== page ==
For those hoping to reserve one of 900 campsites (about the same number are first come, first served), the park will begin accepting telephone or online bookings for a desired arrival date on the 15th of the month, up to five months in advance. For instance, campers planning a July 4 visit would want to be poised at their phones or computers ( when reservations open at 7 a.m. Pacific time on Feb. 15.

    Reservations for the prime Valley floor vanish in minutes, Gediman said, while the remainder usually are gobbled up within a half-hour.

    How, then, are scalpers muscling to the head of the reservation queue? Gediman said it appears that some have found a way to game the system, devising automated programs that instantly snag cancellations.

    The anti-scalping brigade

    One San Diego computer expert said it is obvious to him that the park's reservation system in general has become vulnerable to unscrupulous wheeler-dealers.

    The 49-year-old systems engineer, who did not want his name published for fear of reprisal from online profiteers, said he discovered the Craigslist ads after repeated attempts to get legitimate reservations failed.

    Initially, he said, he and his wife commandeered the phone and computer and contacted reservations at precisely 7 a.m. on Feb. 15. The telephone line was busy; the Web site was "inaccessible," he said.

    By the time he reached a reservations person at 7:15 a.m., the park was sold out, he said.

    The following month, he recruited 20 family members to make a full-scale assault – 10 by phone, 10 by Internet. This time, he said, a reservation clerk informed one family member at 7:15 a.m. that all the Valley sites again were gone, with only a few outside the Valley remaining.

    The San Diego man later spotted a Craigslist ad, and was quoted $560 for seven nights at two campsites in the Valley. He declined the arrangement, describing such profiteers as "thieves of our national park system."

    Yosemite officials urge visitors to steer clear of resale schemers, and to check back often with ReserveAmerica for campsite cancellations – which can, and do, occur throughout the summer.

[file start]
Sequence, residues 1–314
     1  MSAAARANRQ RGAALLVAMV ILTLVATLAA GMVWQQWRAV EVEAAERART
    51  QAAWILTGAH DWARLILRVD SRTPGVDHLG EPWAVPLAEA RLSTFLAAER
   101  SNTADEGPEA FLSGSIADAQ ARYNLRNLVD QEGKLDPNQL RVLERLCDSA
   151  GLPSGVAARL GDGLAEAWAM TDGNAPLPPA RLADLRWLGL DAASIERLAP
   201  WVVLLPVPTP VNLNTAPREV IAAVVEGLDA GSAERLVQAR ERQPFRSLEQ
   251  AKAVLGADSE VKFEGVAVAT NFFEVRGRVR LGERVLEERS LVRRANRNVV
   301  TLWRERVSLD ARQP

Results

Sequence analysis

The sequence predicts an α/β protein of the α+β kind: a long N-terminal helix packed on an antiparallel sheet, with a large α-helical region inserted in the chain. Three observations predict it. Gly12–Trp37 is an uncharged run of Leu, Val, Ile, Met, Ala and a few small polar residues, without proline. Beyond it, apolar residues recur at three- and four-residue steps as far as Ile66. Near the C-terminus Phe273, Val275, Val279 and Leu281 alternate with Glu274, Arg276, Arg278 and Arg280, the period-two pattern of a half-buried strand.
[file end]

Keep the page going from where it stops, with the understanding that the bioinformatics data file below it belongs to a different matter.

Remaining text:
Park insiders also recommend to reserve online, not by phone.

    Meanwhile, some Craigslist users are letting their feelings be known about the Yosemite black market. Last week, amid a string of postings for campsites and Half Dome permits on San Francisco's Craigslist – one of the busiest sites for Yosemite scalping – one user posted a message under the heading "Yosemite Campground Reservations – $1." Browsers who bit wound up with an earful.

    "If you are trying to sell Yosemite Campground reservations for a profit it's illegal and just WRONG. I will continue to flag them over and over! It's hard enough getting reservations in Yosemite for a campsite we sure as hell don't need people buying up multiple sites and selling them for profit!!!!!!!!!!!!!!!!"

    For this Craigslist poster, some things simply don't belong on the auction block.


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  • #2
    Here is the easy fix because they do it in the state parks in NH. When you get a reservation it is under your name and address and when you check in you have to show ID. It also just shows you that even when it is not a SHTF event there are plenty of people and companies will to take advantage of you. Now just imagine if this were a SHTF event what people would be price gouging on.


    • #3
      no kidding :/

      that is a good idea though.. But here's the kicker.. people wouldn't know it had to be in their name untill they got there and found out the hard way